The number of homeless people in the nation’s capital has declined 11 percent since last year, a drop that was driven by reductions in the number of homeless families counted in the District and mirrored declines in homelessness throughout the region, according to a report released Wednesday.
The reduction was a welcome development for Mayor Muriel E. Bowser in her struggles to curtail the District’s high rate of homelessness.
But the news was not all good. The city’s homeless population of 7,473 remains higher than it was in 2015 — Bowser’s first year in office — and has increased 8.9 percent over the last five years.
“These results show that our efforts to prevent homelessness and connect more residents to safe and affordable shelter are paying off,” Bowser said in a statement. “We still have more to do, but we have made significant progress over the past two years, and we will continue this work until every D.C. resident has a safe place to call home.”
The District accounted for about two-thirds of the homeless people counted in the regional survey, which was published by the Metropolitan Washington Council of Governments. The count is based on reporting by homeless shelters and a one-time count by volunteers who walked the streets on the night of Jan. 25.
Most jurisdictions saw declines in homelessness from 2016, though the population was flat in Prince William County and increased by 33 percent in Arlington County.
Kathleen Sibert, the president and chief executive of the Arlington Street People’s Assistance Network, noted that because Arlington has a relatively small homeless population, modest fluctuations can create dramatic-looking percentage increases or decreases.
Fifty-eight more people were counted in 2017 than in 2016, bringing the total homeless population in Arlington County to 232, nearly the same number of people as were counted in 2015.
“We look at the trend line over several years more than the year-to-year anomalies,” Sibert said. Since 2013, the county’s homeless population has dropped 52 percent, she noted.
The county has also been aggressively seeking to eliminate homelessness for several years by using a “housing first” approach that seeks to break down barriers among the agencies and departments that provide services to people who don’t have shelter.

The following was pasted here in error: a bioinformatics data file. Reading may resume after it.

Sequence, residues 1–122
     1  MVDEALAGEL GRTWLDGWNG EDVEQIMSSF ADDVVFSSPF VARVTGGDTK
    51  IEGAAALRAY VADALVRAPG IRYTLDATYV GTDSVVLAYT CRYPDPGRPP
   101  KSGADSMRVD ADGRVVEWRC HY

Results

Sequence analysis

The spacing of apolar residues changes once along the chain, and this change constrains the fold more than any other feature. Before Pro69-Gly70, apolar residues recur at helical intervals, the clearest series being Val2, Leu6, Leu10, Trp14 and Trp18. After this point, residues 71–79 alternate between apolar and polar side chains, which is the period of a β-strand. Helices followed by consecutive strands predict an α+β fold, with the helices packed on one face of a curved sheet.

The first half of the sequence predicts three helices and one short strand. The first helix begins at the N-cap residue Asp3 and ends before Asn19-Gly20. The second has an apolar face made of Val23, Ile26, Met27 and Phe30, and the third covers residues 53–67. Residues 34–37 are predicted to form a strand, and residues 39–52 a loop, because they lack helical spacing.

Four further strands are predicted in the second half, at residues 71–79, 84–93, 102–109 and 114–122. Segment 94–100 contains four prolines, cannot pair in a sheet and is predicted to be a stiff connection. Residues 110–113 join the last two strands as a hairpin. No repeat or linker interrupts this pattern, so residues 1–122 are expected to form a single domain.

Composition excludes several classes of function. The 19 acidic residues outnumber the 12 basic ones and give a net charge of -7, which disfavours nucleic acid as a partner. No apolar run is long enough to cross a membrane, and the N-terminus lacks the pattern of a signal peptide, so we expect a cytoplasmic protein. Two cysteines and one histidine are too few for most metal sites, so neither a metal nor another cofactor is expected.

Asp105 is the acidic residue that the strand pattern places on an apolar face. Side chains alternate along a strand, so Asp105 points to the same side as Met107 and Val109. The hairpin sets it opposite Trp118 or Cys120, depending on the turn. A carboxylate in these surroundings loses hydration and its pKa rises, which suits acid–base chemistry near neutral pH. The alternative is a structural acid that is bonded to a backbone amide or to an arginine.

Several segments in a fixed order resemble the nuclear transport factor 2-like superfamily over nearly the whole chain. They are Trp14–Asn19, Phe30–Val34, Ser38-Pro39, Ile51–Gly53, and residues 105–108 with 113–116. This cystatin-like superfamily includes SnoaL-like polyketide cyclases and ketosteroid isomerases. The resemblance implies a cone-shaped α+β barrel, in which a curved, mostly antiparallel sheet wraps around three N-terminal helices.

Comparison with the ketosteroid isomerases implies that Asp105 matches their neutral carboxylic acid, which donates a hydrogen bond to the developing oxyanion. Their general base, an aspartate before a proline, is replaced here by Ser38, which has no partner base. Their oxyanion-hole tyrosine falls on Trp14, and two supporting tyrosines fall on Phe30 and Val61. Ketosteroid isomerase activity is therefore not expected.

“We feel positive about the direction Arlington is going, but tomorrow someone new is becoming homeless,” Sibert said. “We’ve made strides, but we have a way to go.”
In the District, long-term trends in the homeless count tell two stories. There were 3,578 homeless adults without children in 2017, a decrease from the 3,690 five years ago. Over the same five-year period, however, the number of homeless people in families — adults and children — grew to 3,890 from 3,169.
Nevertheless, there were signs in the newly released count that the city is making headway against the problem of family homelessness: The number of homeless people in families decreased by 16.6 percent from 2016.
“The numbers are turning in the right direction,” said Kristy Greenwalt, director of the D.C. Interagency Council on Homelessness. “It’s good evidence that the reforms we are making are working.”
Greenwalt said those reforms — outlined in a plan Bowser released during her first year in office — include efforts to prevent people from becoming homeless in the first place and to move them back into housing as quickly as possible when they do.
Kate Coventry, a senior policy analyst at the D.C. Fiscal Policy Institute, said the count suggests that city policies to lower homelessness are beginning to have an effect.
But she said the problem that is driving many families into homelessness in the first place — a lack of affordable housing — is still far from being remedied.
“That’s not a problem that’s going to be fixed in a year,” Coventry said.
Patricia Sullivan contributed to this report.